It’s Time to Act: Establish a Secretary of Cybersecurity (Contributed)

Government Technology | December 19, 2019

All levels of government, as well as the private sector, face growing dangers from cyberthreats. That’s why there needs to be a centralized approach to cyberpolicies before a crisis occurs.

Today, the United States is in a very similar place when it comes to cybersecurity: cyberthreats challenge our economy, our military, our national security and our infrastructure, and it’s time for the federal government to act definitively.

Tips and Guidance For Educational Entities To Ensure The Safety and Security of Their IT Data

Education IT Reporter | December 17, 2019

Schools are especially prone to ransomware attacks, due to the combination of weak security protocols, out of date computer equipment, and a lack of skilled staff. Digital infections can spread among school computers much the same as biological germs spread among students. Security is unfortunately quite a lot like a treadmill – it never stops. You can never arrive at a state of solid protection, because what was good enough yesterday won’t be good enough tomorrow. New vulnerabilities are continually being found. The need to invest in basic online hygiene is constant.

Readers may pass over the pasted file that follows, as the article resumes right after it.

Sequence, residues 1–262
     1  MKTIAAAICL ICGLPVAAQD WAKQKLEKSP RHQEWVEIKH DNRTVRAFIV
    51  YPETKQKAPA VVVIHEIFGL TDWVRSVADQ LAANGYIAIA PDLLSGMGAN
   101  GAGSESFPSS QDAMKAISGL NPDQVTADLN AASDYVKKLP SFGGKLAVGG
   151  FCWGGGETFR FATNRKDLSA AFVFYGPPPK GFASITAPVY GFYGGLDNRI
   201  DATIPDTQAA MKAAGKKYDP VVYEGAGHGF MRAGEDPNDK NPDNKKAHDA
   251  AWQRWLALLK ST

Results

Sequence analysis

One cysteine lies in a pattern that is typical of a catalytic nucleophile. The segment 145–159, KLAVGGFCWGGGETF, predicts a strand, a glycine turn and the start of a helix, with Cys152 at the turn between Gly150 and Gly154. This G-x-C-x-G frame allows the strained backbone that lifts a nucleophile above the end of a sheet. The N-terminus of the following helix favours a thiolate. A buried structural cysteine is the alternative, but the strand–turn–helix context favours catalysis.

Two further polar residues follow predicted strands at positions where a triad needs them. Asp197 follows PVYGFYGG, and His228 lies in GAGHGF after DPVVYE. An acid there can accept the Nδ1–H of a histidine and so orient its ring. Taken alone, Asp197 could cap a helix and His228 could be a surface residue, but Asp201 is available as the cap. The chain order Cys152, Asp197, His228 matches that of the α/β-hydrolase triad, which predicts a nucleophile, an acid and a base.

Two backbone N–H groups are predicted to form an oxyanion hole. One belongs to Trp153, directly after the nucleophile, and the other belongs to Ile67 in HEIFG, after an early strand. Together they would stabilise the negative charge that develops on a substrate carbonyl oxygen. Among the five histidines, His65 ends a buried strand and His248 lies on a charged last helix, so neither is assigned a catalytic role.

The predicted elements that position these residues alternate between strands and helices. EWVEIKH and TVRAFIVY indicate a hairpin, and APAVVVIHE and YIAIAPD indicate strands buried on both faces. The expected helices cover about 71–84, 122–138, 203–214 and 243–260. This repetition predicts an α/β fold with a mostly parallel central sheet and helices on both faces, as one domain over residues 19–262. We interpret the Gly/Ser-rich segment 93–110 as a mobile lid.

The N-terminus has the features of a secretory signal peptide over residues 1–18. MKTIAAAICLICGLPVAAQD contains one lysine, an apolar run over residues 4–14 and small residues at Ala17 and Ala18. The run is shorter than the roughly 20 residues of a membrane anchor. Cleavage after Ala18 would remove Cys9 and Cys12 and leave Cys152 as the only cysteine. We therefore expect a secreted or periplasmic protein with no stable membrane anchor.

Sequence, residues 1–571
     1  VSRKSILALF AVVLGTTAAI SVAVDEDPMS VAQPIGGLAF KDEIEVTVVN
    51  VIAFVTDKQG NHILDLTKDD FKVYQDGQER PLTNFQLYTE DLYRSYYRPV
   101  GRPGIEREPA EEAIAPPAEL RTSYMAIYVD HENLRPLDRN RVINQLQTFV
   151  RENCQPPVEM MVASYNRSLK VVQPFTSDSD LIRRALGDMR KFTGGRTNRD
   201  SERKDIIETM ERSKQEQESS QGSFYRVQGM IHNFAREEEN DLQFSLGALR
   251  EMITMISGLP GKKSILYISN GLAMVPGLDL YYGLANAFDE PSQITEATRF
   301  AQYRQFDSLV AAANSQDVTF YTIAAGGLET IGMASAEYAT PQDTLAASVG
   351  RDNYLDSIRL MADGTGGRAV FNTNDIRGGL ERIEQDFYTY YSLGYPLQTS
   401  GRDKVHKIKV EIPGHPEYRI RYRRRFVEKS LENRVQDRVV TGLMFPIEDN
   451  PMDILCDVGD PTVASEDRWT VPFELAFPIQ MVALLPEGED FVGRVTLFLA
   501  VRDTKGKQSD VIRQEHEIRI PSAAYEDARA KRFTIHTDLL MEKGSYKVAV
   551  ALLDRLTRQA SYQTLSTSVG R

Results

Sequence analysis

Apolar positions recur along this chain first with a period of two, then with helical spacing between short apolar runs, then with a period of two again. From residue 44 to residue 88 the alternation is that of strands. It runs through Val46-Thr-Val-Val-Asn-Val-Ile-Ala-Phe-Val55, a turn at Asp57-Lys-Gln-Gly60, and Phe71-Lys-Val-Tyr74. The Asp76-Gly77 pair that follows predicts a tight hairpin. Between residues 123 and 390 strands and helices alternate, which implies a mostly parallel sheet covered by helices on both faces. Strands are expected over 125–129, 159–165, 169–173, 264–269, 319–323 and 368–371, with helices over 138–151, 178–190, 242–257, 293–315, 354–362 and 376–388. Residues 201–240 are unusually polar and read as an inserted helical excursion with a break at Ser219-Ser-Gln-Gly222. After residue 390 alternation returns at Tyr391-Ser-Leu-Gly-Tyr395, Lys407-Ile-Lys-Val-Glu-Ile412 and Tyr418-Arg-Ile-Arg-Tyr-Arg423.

Securing the Supply Chain Against Cyber Disruption

Loss Prevention Magazine | December 11, 2019

Just like a physical chain, a supply chain is only as strong as its weakest link. Today’s issues are about networks of interdependence. We extract major economic benefits from modern supply chains, because each organization can focus on its core mission or specialty. This narrowing of focus is very effective, allowing each organization to be the best at whatever it does—making widgets, transporting them, or adding value by assembling parts made by other specialists. But this same narrowing of focus on just one aspect of a system means the system as a whole becomes fragile.

Forget Cybersecurity

Corporate Board Member| December 6, 2019